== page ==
The state of Connecticut shares a large set of COVID-19 data on a regular basis. Now the Biden administration has just begun releasing state and county level Covid data that the White House had been compiling since the pandemic began.
The federal data is not necessarily different from the data the state shares, but compiles information from all the states in one place. It’s updated weekly, and in some cases, just presented differently.
For one thing, you can get a specific snapshot of how much of a supply hospitals in our state have of personal protective equipment (PPE), down to the particular piece of equipment.
As of early February, roughly half of Connecticut hospitals had more than a month’s supply of everything from N95 masks, to gloves, and other supplies.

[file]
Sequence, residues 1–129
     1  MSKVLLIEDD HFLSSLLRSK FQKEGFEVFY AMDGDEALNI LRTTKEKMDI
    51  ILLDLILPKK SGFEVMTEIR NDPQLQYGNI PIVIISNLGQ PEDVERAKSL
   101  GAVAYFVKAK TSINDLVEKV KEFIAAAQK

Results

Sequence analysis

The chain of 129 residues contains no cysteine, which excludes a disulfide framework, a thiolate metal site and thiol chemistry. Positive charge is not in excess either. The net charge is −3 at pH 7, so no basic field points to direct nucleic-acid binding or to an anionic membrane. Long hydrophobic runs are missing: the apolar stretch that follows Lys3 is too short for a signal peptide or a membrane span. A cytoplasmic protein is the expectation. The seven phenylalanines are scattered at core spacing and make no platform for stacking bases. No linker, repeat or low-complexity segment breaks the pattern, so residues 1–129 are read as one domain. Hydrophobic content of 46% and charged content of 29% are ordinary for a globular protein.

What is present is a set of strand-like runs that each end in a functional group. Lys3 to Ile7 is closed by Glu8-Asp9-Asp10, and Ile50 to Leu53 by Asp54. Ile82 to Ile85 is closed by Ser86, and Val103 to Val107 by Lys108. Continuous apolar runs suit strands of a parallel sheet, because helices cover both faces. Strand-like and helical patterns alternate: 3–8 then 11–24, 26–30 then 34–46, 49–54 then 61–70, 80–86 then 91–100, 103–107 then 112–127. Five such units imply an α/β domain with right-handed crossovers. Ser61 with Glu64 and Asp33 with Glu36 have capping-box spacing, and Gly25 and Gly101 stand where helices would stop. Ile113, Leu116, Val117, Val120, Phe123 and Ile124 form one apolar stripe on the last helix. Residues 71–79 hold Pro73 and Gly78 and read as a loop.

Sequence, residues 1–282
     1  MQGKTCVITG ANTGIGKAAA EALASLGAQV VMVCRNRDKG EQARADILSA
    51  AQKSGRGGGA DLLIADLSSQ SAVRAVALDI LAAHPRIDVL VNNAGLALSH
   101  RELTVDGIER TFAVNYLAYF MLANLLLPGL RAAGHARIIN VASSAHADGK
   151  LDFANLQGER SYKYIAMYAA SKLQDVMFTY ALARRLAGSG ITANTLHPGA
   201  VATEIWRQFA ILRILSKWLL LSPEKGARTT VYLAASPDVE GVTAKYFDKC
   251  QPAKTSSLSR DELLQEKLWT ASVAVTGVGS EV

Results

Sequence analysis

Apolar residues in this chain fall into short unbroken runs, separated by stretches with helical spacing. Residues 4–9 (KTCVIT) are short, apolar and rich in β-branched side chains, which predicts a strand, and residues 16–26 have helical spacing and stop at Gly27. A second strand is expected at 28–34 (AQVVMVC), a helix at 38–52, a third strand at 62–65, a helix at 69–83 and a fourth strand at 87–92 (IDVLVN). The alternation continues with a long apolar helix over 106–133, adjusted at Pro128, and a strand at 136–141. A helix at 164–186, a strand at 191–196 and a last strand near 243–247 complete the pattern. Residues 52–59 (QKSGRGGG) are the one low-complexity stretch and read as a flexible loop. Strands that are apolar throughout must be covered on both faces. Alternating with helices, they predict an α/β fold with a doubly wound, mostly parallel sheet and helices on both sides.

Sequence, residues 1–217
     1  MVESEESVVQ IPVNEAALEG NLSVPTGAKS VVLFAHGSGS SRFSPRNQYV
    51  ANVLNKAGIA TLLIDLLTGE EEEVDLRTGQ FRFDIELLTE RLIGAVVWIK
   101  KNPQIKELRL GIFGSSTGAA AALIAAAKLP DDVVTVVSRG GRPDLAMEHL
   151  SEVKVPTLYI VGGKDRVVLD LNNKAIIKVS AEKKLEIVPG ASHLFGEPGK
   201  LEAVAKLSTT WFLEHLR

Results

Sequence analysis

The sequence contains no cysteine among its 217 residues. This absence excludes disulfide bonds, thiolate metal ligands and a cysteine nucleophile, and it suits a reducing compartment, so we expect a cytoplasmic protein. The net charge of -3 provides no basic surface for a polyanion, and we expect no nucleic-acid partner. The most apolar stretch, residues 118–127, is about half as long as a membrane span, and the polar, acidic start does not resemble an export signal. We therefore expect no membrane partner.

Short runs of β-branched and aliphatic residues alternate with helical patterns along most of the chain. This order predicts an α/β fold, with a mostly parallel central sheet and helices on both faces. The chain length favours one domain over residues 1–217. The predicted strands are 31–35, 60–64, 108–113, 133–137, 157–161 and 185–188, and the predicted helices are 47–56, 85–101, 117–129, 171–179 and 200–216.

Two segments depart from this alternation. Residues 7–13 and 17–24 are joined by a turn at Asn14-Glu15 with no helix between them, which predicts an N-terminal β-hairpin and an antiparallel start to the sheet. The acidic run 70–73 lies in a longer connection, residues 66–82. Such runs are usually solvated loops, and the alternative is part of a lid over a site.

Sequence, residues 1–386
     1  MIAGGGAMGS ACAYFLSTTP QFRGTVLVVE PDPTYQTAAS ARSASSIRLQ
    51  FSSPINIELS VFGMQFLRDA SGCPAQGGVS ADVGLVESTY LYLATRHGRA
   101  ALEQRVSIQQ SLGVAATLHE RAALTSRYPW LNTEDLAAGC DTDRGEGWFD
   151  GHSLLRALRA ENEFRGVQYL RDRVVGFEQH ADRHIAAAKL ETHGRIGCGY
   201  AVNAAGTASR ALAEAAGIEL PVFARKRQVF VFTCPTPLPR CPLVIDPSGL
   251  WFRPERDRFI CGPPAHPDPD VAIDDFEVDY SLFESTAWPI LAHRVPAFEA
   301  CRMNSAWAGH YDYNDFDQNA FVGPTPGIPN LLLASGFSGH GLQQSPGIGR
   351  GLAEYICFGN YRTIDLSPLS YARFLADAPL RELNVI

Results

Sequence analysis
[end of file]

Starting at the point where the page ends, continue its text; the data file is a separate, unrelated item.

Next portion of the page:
Karl Minges, chair of health administration and policy at the University of New Haven, said he believes this data will help both health care professionals and the public.
“I think the key here is the visualizations and the way it’s communicated,” Minges said.
The state profile reports from the feds also allow you to look a month back to see how we’re doing in metrics including COVID-19 test positivity rates, and deaths.
“It helps us to determine what trends will look like during the next peak, what areas are likely to turn bright red sooner than other areas,” Minges added.
For example, compare this month to last in positivity rates, and you can see Connecticut improved quite a bit.
Deaths, on the other hand, have gone up a little.
This newly released federal data also gives you state by state comparisons on some of those same metrics like positivity rates and deaths.